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Pioneers recall early days of South Lake Tahoe

Jack Barnwell
jbarnwell@tahoedailytribune.com
Betty Mitchell explains a point during Wednesday's Fireside Chat, where city pioneers discussed the incorporation of South Lake Tahoe.
Jack Barnwell / Tahoe Daily Tribune |

History, nostalgia and a bit of good-natured humor sparked Wednesday night as three of South Lake Tahoe’s pioneers reminisced about the city’s founding and the efforts it took to incorporate it.

Laurel Ames, Betty Mitchell and John Cefalu sat before a packed audience in the city council chambers at South Lake Tahoe Airport, including a dozen who recalled the incorporation.

All three offered different perspectives and shared outlooks on the effort it took to transform the community from a revenue generator for El Dorado County to a city in 1965.

Ames and Mitchell helped drive the volunteer effort to put the city incorporation on the ballot and getting as many of the 14,000 people who lived in the South Shore community at the time. They gathered the information from the El Dorado County voter precinct, which was only a fraction.

“It was amazing how many people weren’t registered voters,” Mitchell said. “We went out knocking on doors.”

Mitchell said with a laugh, that most people didn’t register because it meant jury duty summons, which took place in Placerville.

With a lot of volunteer help, and in a time before computers and modern mailing capacity, the community networked the old-fashioned way.

“We had addressing parties,” Ames said. “If you wanted a letter to go out, you wrote the address on it.”

One of the first challenges included drafting the city boundaries. In two years and a lot of state regulations, volunteers required managed. Ames said the traditional method of establishing a boundary — a survey — was outside their budget.

They took the South Tahoe Public Utility District (STPUD) boundary to establish the initial borders. The airport was annexed later when the city took over control from the county.

Heavenly Valley had its own issues, Ames said.

“That was just pure politics,” Ames said. “(Hugh) Killebrew, (from Heavenly), came to us and said ‘If you keep me in the boundary, I’ll sue.’” Since the incorporation politics didn’t have any money, they left Heavenly off the map.

“That was a terrible thing to do because that’s where we could get a lot of revenue for the city from ski tickets, but it wasn’t worth it,” Ames said.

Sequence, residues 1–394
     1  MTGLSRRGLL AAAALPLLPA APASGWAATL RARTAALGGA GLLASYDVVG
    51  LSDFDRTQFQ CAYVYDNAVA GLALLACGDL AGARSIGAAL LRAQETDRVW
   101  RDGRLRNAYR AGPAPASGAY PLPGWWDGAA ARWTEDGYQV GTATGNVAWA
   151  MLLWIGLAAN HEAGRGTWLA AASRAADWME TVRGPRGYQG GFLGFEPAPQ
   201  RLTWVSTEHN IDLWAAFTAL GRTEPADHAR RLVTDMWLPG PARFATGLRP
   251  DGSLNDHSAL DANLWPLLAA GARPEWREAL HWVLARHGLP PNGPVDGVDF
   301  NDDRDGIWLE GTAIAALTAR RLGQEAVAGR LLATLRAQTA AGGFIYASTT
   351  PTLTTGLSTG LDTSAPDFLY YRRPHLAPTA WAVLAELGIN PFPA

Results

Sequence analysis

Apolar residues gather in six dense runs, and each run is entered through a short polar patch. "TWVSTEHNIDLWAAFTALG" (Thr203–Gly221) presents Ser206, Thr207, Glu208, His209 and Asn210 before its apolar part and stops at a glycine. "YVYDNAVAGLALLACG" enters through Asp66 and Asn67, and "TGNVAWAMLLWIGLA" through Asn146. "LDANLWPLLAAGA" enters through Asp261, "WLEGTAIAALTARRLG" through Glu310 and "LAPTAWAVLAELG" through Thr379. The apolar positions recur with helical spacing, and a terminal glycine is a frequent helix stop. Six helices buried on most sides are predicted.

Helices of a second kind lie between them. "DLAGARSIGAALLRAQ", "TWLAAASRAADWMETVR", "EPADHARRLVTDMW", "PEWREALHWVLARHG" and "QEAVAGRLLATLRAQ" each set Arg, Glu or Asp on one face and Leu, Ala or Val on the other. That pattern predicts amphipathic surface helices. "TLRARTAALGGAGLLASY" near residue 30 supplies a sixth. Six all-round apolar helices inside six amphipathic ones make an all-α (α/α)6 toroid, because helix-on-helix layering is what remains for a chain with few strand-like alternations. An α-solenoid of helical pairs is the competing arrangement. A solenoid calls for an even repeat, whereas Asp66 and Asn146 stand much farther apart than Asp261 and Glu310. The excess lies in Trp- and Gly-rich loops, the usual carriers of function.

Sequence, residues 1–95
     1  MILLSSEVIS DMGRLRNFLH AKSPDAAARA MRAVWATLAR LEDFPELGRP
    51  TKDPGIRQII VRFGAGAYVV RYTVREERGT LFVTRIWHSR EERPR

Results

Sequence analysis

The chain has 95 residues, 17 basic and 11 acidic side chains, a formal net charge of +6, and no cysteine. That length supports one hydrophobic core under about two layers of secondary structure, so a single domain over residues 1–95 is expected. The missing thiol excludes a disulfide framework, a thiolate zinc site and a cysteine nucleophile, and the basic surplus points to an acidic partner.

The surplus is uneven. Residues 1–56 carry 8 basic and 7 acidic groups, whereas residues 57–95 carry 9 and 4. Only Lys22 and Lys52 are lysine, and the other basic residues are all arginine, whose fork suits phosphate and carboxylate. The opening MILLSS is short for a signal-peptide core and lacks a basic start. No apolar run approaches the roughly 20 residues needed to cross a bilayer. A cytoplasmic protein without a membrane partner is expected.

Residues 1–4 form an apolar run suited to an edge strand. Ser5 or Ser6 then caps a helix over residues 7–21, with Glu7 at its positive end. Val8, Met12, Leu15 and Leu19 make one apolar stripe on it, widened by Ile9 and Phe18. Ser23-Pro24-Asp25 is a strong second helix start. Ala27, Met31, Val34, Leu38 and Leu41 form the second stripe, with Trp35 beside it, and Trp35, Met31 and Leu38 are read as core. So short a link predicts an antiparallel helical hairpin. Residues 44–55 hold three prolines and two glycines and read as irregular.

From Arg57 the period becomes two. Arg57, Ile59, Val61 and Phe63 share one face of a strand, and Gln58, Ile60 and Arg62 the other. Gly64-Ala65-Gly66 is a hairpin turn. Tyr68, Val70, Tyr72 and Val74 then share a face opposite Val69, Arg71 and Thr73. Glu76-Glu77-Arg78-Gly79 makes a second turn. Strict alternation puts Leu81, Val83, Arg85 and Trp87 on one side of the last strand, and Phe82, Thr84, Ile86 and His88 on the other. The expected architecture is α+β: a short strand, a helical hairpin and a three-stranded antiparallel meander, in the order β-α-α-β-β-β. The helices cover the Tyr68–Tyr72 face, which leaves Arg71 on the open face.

Ames added that Caltrans buying up large swaths of land for right-of-ways for Highway 50 prompted a lot of action. The initial proposal included the highway cutting through several meadows and had off ramps.

Cefalu recalls the meeting where Caltrans made its presentation to 400 people in a packed gym at the old South Tahoe High School.

The council, in one of its first actions, voted 4-1 to oppose the highway path.

“The very fact that the freeway was to have an off-ramp into Harrah’s parking lot naturally aggravated Harvey Gross (owner of Harveys Casino), and you can imagine there was always competition between the two,” Cefalu said.

He said that started the underground movement for incorporation. Had the off ramp gone in, Cefalu said it could have been a disaster and traffic nightmare.

Cefalu also recalled El Dorado County and Placerville not paying much attention to its South Shore community other than as a tax revenue generator.

“That set the framework for incorporation,” Cefalu said.

Other driving forces included what Cefalu referred to as the good ol’ boys club – both in Placerville and in the Basin.

The one in South Lake Tahoe, referred to as Roosters, drove decisions even before the city became incorporated. Cefalu said the first five councilmembers were Roosters.

Some of the decisions, he said, ran counter to what he thought the voters had expected, including supporting bringing the Olympics to Lake Tahoe.

Mitchell noted building permits had always been a mess in the early days. She recalled when she and her husband tried to put an addition onto their house, permits were hard to come by from Placerville.

“They said you can buy the permit, but no one is going to come look,” Mitchell said.

Ames noted that some development has come at the cost of loss of local scenery, including the trees that once lined Highway 50.

“The ones that are left are paved up to their necks,” Ames said.

Cefalu recalled Harrison Avenue’s creation following the elimination of parking along Highway 50. Harrison Avenue allowed the businesses along the road to have frontage.

All three felt there has been some progress made during the 50 years, while some things are still lacking.

“The working group of incorporation was very committed to being stewards of the Lake Tahoe Basin,” Ames said. “They were not interested in having the ugly build up we have at the South Shore we have now.”

Cefalu said there have been a lot of good things and some disappointments along the way.

“We’re all responsible in some respects to how things ended up,” Cefalu said. “We made mistakes. I just hope we learn from those mistakes and do things a little differently.”


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